6. Thanks for this great post, Jen. I am grappling with this very thing at the moment, albeit a very different kind of story (I think!) I can see my main characters, and a hot, dusty town, but I don’t know if its in the past or the present, if it’s a fictitious or real place. I don’t know if it’s a linear narrative, or told through journals or letters, in first or third person. All I know for certain is this is a story that really wants me to tell it. I’m trying to avoid the temptation to ‘just write it’ while I wait for it to come to me so I can painstakingly ‘excavate’ it.
    BTW my kids loved those Aussie Bites.

    1. Tania, that is brilliant. I so get it! I can’t tell you how often this has happened to me. Tensy Farlow and the Home for Mislaid Children was an incredibly wild ride. Especially as i wanted it to be a little chapter book. But it insisted on being this big gothic novel. It’s hilarious when I look back and consider how naive I was when the idea first came to me. Little did I know… LOL.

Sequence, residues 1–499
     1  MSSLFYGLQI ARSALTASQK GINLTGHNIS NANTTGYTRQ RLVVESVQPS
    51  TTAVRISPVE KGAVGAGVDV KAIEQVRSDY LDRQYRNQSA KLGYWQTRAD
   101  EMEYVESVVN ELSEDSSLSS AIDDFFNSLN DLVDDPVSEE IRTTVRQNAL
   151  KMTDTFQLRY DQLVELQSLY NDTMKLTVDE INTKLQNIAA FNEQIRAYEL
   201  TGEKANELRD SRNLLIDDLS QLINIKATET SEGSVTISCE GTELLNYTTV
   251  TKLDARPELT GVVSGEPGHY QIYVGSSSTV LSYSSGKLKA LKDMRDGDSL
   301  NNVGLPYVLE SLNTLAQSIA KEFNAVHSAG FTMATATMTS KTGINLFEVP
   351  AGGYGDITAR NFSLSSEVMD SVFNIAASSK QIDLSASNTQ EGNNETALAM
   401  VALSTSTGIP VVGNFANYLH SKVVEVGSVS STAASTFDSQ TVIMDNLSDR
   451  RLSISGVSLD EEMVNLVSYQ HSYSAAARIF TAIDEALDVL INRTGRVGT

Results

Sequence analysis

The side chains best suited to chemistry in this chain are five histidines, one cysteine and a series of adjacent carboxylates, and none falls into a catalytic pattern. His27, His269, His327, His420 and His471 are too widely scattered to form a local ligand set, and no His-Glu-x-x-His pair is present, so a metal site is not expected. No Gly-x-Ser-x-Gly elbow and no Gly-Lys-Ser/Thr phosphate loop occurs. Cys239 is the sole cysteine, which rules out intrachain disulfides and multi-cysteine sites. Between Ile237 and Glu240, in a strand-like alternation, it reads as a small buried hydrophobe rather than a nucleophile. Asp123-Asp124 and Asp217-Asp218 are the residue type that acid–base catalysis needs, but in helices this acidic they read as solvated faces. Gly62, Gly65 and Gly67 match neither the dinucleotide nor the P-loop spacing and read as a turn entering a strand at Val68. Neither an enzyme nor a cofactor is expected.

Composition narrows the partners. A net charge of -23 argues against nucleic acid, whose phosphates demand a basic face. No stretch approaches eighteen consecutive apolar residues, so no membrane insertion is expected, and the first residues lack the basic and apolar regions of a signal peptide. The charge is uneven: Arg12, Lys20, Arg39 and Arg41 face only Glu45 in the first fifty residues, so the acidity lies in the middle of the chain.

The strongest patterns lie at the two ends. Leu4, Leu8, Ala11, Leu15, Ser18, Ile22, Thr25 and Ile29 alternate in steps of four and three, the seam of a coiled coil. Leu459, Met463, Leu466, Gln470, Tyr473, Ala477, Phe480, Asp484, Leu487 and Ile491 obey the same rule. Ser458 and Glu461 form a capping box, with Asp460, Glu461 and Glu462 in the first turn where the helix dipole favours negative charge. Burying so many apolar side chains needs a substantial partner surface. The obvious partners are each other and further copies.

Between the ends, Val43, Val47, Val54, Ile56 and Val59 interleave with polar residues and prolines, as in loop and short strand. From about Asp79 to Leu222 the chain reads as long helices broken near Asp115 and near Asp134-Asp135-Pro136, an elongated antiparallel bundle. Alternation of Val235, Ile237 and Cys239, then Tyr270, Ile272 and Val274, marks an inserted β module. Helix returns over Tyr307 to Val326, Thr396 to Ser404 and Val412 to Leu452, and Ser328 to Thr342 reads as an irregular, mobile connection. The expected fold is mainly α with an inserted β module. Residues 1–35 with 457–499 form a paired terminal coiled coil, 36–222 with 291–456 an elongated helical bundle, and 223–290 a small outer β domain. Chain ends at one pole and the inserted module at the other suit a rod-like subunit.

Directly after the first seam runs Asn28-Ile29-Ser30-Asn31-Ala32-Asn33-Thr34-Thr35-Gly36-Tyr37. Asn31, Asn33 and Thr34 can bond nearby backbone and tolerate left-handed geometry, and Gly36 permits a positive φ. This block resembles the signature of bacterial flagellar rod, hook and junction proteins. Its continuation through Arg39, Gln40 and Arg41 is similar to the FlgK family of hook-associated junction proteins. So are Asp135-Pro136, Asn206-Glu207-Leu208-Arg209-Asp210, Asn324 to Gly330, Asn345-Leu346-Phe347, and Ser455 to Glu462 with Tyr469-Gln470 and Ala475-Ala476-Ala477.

I know you will find the right format for your story. Although if it were me i’d probably just start writing around that central image. To stretch the archaeology metaphor, all that doesn’t go in the final book is just the excavation dirt.
      Good luck, Tania, whatever you decide to do! 😉

  7. Great post, Jen. And is that the coolest palaeontologist photo ever? So sad about the Aussie Bites… But I think of those fabulous Gibblewort the Goblin books by Victor Kelleher. Are they longer than bites? We loved them SO much.

    1. Oh! I don’t know about those goblin books, I must look them up. Thanks for the tip, Judy. PS Glad you enjoyed the post! PPS Gus has skeletons totally sorted. Although, he had to work hard on the horse. Just so it didn’t look too scary. Horse skeletons are majorly creepy! 😉 xo